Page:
Russian cruiser Izumrud

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Russian Empire
Name: Izumrud
Builder: Sredne-Nevskiy Shipyard, Russia
Laid down: 1 January 1901
Launched: 1 October 1903
Commissioned: January 1904
Fate: Ran aground near Vladivostok, 29 May 1905
General characteristics
Type: Light cruiser
Displacement: 3,103 long tons (3,153 t)
Length: 111 m (364 ft)
Beam: 12.20 m (40.0 ft)
Draught: 5 m (16 ft)
Speed: 24 kn (44 km/h)
Range: 3,790 nmi (7,020 km)
Complement: 350

Izumrud (Russian: Изумруд, meaning "Emerald") was a protected cruiser of the Imperial Russian Navy, and the lead ship in the two-ship Izumrud class. Izumrud and her sister ship Zhemchug were based on the German-built Novik.


Izumrud was ordered as part of the Imperial Russian Navy’s plan to expand the Russian Pacific Fleet based at Port Arthur and Vladivostok to counter the growing threat posed by the Imperial Japanese Navy towards Russian hegemony in Manchuria and Korea.

Operational History[edit]

Izumrud was laid down at the Nevsky Shipyard in Saint Petersburg, Russia on 1 January 1901. However, construction was delayed due to priority given to completion of Novik. The Zakladka, or formal ceremony of laying a plate, took place on 14 June 1902.[1] Izumrud was launched on 1 October 1903. Construction continued to be plagued by delays, including an ice storm in December. However, with the start of the Russo-Japanese War in early 1904, construction efforts were greatly accelerated.

Izumrud was formally commissioned in January 1904 and she was assigned to the Second Pacific Squadron of the Russian Pacific Fleet.

During the Russo-Japanese War[edit]

Under the overall command of Admiral Zinovy Rozhestvensky, Izumrud was part of the Second Pacific Squadron intended to relieve the Japanese siege of Port Arthur. Captained by Commander Vasili Fersen, she participated in the decisive Battle of Tsushima from 27–28 May 1905. At the end of the battle, Fersen refused to obey the order of Admiral Nikolai Nebogatov to surrender, and used her speed to escape through the Japanese blockade. However, on the night of 28 May, she ran aground in Vladimir Bay 43°54′N 135°30′E / 43.900°N 135.500°E / 43.900; 135.500Coordinates: 43°54′N 135°30′E / 43.900°N 135.500°E / 43.900; 135.500 in the Russian Maritime Province. She was destroyed by explosive charges set by her crew, who later reached Vladivostok by land.[2]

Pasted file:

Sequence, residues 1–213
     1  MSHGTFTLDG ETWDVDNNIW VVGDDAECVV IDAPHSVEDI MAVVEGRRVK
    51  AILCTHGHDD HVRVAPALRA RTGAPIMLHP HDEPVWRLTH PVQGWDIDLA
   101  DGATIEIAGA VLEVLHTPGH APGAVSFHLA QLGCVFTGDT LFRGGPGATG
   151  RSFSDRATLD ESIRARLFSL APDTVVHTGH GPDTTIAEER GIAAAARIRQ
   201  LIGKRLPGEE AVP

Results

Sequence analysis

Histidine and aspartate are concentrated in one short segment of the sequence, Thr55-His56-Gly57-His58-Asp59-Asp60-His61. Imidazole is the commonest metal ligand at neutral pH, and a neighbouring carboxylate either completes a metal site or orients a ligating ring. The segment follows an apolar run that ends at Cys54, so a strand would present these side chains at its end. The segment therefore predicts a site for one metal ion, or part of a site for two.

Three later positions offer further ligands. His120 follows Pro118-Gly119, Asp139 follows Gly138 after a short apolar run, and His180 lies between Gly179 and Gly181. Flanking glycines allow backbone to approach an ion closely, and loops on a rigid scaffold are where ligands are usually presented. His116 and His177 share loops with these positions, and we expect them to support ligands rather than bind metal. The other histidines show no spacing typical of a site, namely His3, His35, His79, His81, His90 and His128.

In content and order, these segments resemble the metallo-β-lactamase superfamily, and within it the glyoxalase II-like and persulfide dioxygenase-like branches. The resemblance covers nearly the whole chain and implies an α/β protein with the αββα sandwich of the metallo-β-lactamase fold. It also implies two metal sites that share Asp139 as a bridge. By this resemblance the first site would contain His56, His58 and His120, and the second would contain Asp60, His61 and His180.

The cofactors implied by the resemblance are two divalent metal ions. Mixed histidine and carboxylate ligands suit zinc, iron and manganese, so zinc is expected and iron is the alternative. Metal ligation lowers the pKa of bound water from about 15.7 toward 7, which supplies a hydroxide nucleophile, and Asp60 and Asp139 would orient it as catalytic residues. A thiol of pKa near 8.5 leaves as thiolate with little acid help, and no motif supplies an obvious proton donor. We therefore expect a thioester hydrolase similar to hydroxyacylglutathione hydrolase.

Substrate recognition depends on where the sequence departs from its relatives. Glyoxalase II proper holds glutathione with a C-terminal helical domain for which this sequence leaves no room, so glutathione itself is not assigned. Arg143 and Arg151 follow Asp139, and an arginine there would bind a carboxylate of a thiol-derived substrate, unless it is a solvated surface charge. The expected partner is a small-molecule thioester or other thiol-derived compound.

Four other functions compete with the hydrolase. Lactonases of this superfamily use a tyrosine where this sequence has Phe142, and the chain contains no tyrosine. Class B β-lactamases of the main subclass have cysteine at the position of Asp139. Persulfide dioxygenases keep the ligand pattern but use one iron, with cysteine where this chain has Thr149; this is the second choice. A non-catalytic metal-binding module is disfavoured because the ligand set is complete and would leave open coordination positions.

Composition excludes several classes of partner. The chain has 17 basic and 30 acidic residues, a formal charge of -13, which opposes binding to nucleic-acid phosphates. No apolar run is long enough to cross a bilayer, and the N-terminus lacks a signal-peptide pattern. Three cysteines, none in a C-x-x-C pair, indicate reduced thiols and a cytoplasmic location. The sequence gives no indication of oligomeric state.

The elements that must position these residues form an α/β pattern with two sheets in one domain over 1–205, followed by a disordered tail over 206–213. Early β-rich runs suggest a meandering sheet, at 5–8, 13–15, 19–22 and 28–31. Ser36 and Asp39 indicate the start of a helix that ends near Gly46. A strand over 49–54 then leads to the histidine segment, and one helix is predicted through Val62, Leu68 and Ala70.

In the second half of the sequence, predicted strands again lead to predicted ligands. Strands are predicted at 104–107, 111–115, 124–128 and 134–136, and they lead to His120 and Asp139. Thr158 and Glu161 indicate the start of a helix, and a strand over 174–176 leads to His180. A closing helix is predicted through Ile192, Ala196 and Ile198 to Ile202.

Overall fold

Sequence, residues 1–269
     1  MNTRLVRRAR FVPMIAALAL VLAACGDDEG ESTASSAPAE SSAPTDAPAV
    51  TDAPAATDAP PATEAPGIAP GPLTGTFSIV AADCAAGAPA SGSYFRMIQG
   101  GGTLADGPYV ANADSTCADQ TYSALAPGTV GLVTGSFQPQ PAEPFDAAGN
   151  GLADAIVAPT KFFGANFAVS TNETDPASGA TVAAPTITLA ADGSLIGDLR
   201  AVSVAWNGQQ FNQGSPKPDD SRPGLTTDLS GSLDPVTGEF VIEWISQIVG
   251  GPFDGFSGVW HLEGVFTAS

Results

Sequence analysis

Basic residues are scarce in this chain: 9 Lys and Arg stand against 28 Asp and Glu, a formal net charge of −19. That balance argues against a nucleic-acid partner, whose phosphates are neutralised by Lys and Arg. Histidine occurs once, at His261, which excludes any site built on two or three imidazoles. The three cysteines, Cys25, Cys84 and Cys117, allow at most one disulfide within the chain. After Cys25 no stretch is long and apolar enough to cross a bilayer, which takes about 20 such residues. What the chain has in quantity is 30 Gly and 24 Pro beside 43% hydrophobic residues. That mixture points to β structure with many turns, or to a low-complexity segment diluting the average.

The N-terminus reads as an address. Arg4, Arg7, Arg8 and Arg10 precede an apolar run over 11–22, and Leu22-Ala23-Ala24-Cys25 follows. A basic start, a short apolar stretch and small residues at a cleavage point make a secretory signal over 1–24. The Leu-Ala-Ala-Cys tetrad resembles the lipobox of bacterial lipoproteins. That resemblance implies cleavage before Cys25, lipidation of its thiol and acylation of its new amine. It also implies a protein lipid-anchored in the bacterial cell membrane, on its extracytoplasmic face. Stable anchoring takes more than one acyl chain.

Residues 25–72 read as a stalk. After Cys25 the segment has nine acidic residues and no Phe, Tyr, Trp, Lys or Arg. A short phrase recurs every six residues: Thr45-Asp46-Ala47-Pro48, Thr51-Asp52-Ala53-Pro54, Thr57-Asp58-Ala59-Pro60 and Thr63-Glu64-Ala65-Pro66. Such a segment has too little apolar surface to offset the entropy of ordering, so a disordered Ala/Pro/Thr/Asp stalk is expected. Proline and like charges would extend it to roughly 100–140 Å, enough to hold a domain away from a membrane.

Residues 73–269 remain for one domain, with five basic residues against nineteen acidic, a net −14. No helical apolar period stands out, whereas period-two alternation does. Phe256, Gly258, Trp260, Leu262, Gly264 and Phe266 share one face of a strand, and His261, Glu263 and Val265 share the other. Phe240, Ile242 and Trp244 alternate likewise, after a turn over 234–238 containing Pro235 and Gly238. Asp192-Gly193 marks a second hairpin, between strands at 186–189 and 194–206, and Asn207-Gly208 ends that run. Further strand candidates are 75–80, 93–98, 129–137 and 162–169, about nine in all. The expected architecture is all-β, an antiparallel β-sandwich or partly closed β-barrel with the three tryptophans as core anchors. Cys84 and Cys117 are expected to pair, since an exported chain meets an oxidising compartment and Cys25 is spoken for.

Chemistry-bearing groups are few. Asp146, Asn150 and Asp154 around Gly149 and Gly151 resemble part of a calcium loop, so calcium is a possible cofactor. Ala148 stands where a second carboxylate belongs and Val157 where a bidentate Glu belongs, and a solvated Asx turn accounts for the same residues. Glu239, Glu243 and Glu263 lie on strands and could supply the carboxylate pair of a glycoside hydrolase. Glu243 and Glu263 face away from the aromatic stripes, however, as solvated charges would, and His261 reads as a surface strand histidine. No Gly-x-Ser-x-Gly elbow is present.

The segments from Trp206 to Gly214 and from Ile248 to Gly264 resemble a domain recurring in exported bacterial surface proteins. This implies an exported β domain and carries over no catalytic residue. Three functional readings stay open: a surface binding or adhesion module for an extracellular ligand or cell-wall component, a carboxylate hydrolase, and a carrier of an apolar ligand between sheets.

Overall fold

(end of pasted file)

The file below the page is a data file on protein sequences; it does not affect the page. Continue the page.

1. ^ Kronstadtski Viestnik, quoted in "Naval & Military intelligence". The Times (36800). London. 21 June 1902. p. 12. 
  2. ^ "Russian protected cruiser Izumrud". Retrieved 6 November 2012. 


  • Brook, Peter (2000). "Armoured Cruiser vs. Armoured Cruiser: Ulsan 14 August 1904". In Preston, Antony. Warship 2000–2001. London: Conway Maritime Press. ISBN 0-85177-791-0. 
  • Robert Gardiner, ed. (1979). Conway's All the World's Fighting Ships 1860–1905. Greenwich: Conway Maritime Press. ISBN 0-8317-0302-4. 
  • Gardiner, Robert; Gray, Randal, eds. (1984). Conway's All the World's Fighting Ships: 1906–1922. Annapolis: Naval Institute Press. ISBN 0-85177-245-5. 
  • McLaughlin, Stephen (1999). "From Ruirik to Ruirik: Russia's Armoured Cruisers". In Preston, Antony. Warship 1999–2000. London: Conway Maritime Press. ISBN 0-85177-724-4. 
  • Watts, Anthony J. (1990). The Imperial Russian Navy. London: Arms and Armour. ISBN 0-85368-912-1. 

External links[edit]

Media related to Izumrud (ship, 1903) at Wikimedia Commons